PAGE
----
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Blog: Martin Pilkington goes on a voyage of discovery

Published:  01 November, 2011

Martin Pilkington reports from the Glenfiddich One Day You Will Summit.

Three days of a very different sort of event at the Glenfiddich distillery curated by The Future Laboratory who also handled the wash-up ideas session at the end. The programme blended - convivially if not quite seamlessly - speakers and presentations around the theme of exploration and pioneering, the link with Glenfiddich and its history being twofold: William Grant had the pioneering spirit to build his original distillery with his own hands at the age of 46; and in the sixties his successors can be credited with launching the whole single malt concept. Attendees were a mix of winners of a competition run by the company and various journalists, bloggers and publishers.

Perhaps it is unfair to say the thing wasn't seamless, as the speakers came at the same topic from totally different angles. For a spirits writer the most interesting inevitably was the work of the New York mixologist (not my favourite word but cocktail barman or similar would really not do justice here) Eben Klemm. Working with malt master Brian Kinsman he explored the flavours and components of Glenfiddich with a scientific approach that nodded towards his earlier career as a molecular biologist at MIT: we tasted the Robbie Dhu water that is the basis of the spirit; the new distillate that while rough-edged had much of the pear note characteristic of the brand. Using a clever cool distillation technique he had removed the oak from the 12-year-old malt, which allowed us to taste the progression of the spirit divorced from the flavour influence of wood - it had become softer and smoother but the pear - a more sophisticated version - was still evident. An extraction of American oak in neutral grain spirit let us into that component - a depth of vanilla and some spice in the background; the same with Spanish oak that yielded a perhaps unexpectedly bold orange flavour (Haliborange vitamin pills to my plebeian palate).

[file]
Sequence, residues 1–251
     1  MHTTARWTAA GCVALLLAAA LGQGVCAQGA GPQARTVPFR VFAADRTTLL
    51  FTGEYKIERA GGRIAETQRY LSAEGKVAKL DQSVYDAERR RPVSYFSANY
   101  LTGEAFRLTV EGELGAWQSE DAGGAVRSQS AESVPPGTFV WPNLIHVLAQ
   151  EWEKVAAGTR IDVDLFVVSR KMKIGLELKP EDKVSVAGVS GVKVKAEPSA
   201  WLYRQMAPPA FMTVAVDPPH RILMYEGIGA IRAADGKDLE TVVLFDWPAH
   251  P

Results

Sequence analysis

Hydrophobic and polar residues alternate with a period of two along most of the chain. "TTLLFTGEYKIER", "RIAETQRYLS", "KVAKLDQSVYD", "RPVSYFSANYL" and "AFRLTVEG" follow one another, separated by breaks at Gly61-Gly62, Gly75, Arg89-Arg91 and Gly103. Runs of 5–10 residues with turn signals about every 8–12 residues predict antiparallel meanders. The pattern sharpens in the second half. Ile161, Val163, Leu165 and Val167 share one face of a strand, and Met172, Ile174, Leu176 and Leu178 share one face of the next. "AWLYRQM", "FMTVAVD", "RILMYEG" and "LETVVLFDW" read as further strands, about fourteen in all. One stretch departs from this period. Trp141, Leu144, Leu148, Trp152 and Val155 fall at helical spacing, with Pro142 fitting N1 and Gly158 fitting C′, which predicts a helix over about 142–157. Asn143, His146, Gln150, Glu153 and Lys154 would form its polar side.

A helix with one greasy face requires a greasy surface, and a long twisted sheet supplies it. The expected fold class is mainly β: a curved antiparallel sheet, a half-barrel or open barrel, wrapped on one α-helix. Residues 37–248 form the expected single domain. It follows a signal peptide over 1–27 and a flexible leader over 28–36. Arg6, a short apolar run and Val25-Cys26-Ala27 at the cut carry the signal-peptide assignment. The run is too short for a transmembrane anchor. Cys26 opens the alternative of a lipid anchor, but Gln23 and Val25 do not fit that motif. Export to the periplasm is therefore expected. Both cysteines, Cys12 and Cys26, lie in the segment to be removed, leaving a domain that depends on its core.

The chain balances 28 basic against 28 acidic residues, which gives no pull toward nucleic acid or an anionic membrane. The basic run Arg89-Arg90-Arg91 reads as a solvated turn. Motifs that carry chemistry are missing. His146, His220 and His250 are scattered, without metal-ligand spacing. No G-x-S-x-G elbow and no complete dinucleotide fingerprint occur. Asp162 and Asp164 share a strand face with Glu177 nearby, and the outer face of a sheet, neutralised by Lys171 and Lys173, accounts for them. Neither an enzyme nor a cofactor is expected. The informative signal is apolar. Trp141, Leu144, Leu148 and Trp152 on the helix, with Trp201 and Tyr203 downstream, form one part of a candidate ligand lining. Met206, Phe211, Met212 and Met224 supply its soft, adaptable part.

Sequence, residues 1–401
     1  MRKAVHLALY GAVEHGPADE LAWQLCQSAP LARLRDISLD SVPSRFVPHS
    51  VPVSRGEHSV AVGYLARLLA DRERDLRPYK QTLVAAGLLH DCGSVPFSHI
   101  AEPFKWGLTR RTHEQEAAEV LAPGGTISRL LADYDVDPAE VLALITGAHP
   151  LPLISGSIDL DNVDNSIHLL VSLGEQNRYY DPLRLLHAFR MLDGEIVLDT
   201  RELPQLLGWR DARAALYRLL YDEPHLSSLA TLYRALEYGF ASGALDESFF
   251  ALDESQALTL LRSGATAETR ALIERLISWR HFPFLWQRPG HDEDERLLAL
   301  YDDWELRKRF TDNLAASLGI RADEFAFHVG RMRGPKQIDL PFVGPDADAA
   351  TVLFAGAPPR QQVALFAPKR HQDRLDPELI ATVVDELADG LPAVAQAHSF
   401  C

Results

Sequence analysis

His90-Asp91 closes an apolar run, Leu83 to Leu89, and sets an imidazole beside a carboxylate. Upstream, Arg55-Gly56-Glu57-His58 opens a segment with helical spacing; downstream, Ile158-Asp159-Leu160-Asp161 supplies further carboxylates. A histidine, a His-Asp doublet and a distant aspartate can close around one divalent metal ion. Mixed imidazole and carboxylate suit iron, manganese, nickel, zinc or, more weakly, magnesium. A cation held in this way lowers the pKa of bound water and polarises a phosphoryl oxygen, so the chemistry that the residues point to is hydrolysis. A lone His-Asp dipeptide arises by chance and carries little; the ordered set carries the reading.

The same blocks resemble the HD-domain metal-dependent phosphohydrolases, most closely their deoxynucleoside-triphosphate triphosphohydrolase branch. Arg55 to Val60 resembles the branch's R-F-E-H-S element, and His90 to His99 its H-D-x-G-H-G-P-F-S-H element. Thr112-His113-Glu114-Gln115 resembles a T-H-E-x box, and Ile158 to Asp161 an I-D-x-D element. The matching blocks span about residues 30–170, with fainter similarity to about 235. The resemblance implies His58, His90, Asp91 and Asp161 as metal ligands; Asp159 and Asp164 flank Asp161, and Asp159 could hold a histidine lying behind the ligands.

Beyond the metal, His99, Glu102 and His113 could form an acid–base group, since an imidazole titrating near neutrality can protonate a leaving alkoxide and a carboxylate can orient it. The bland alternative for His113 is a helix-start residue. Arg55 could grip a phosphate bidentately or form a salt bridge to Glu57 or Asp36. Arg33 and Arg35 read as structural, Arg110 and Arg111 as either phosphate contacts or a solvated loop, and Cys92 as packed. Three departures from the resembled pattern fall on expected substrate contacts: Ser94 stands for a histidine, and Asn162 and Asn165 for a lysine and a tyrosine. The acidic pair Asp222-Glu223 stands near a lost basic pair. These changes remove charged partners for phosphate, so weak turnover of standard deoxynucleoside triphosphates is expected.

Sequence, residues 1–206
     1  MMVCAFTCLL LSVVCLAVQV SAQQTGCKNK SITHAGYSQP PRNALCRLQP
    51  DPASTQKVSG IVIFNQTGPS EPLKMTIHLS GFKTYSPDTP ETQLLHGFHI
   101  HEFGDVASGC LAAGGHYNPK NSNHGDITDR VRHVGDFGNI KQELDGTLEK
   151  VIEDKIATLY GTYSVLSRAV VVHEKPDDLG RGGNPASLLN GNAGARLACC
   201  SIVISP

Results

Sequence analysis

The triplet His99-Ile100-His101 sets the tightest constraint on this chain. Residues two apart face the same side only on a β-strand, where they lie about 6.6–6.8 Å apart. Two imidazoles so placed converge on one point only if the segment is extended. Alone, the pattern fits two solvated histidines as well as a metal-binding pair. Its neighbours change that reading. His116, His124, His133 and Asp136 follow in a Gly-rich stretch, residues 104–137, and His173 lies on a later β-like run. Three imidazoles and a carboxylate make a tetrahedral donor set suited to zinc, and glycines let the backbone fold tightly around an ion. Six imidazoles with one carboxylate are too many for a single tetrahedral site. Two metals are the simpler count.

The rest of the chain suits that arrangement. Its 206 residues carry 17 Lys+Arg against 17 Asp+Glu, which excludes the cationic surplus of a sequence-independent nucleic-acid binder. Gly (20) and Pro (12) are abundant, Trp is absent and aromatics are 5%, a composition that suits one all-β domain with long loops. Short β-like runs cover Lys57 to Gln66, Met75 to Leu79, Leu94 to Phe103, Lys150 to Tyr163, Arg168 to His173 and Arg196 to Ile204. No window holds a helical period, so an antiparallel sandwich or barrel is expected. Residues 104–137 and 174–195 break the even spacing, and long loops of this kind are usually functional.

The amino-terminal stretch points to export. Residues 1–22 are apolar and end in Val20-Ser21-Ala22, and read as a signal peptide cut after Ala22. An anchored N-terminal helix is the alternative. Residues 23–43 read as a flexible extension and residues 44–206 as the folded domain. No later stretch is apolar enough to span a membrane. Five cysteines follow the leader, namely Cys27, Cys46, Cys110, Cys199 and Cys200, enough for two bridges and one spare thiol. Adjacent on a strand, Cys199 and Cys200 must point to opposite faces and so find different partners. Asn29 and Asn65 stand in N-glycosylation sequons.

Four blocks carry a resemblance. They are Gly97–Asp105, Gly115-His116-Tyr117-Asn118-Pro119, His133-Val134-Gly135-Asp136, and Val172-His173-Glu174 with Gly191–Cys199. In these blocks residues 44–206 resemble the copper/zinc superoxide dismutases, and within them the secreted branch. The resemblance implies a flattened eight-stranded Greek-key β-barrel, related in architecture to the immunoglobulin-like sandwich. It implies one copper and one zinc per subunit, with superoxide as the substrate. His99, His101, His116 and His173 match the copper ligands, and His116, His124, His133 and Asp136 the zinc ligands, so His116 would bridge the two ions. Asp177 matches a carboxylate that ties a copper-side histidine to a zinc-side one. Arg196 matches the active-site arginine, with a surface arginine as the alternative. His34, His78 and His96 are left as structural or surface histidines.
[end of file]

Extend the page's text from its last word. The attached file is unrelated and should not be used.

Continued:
The session continued down other ages of the malt and stages and source of barrel - rejuvenated, refill etc - with equally illuminating results, Kinsman leading on how the final products are built from the diverse elements. Diversions like an oak and tannin cocktail kept the thing lively, though like the scotch, sherry and umami cocktail it was meant as a teaching tool rather than something you would ever want to try again. Really.

Two very different personalities obviously took pleasure in their cooperation and had learned from one another as we tasters definitely learned from the session.

After the first day's dinner the speaker was Pen Hadow, who regaled us with the story of his solo walk to the North Pole. I can never get my head around why such journeys that have little apparent scientific merit and deliberately incorporate difficulty - alone, unpowered etc - are regarded as exploration, and was no wiser afterwards except in that the bladder-testing length of the talk allowed me to experience an infinitesimal part of the suffering and constant need to focus he had put himself through.

Far more intriguing was Dr Rachel Armstrong, a physician and expert on living architecture, who gave an insight into how incorporating live or pseudo-living materials and systems in buildings may change architecture in the future - not say peat roofs, but buildings using 'metabolic materials' that will be able to evolve and react in time to such an extent that they can be regarded as alive.

Top non-spirits presentation of the trip was given by Marek Bereza: his billing as an interactive digital artist had filled this philistine with dread that we would be seeing some impenetrable performance art, or perhaps a video-screen of a rotting potato. Marek rather shyly and humbly explained what he does - in simple terms computer programming to produce interactive installations, then demonstrated some, the most beautiful a snowstorm where the person in front can influence the fall and by 'touching' some flakes generate sounds - White Christmas in fact. That makes it sound corny; it isn't, though it is certainly fun. His video of a piece he did in Covent Garden for Nokia, again both beautiful and interactive, involving indeed, opened the eyes to potential commercial applications - he is not above such collaborations, but also explained how he had done work that prompted faster and greater involvement of autistic children. He will deservedly go far, each of his pieces was very human, and several had something beautiful about them.

Back to my philistinism: both dinners during the event were overseen by Caroline Hobkinson, "an artist who works with food". We ate meat with pointed sticks; drank soup from a test tube; injected a bread roll (suspended from a helium balloon) with cream cheese; donned a mask in order to become someone else on one evening and for one course the next were blindfolded. The idea is to open the mind, make people think about food and the rituals around it in a different way. Some of my fellow attendees lapped it up. I loathed it, but maybe it worked for me too as I focussed on how I love the culture of the shared meal, the civilised aspect of it, the centrality of the food with its satisfactions and depth of history; and object accordingly to being manipulated into losing so much of that, albeit briefly. To paraphrase The Prisoner: I am not a number, I am a hungry man.

Glenfiddich to use a dreadful cliché thought outside the box in setting the event up. It will stay in the memory long after other tastings have faded. Even the annoying bits were stimulating. For which I must thank them sincerely.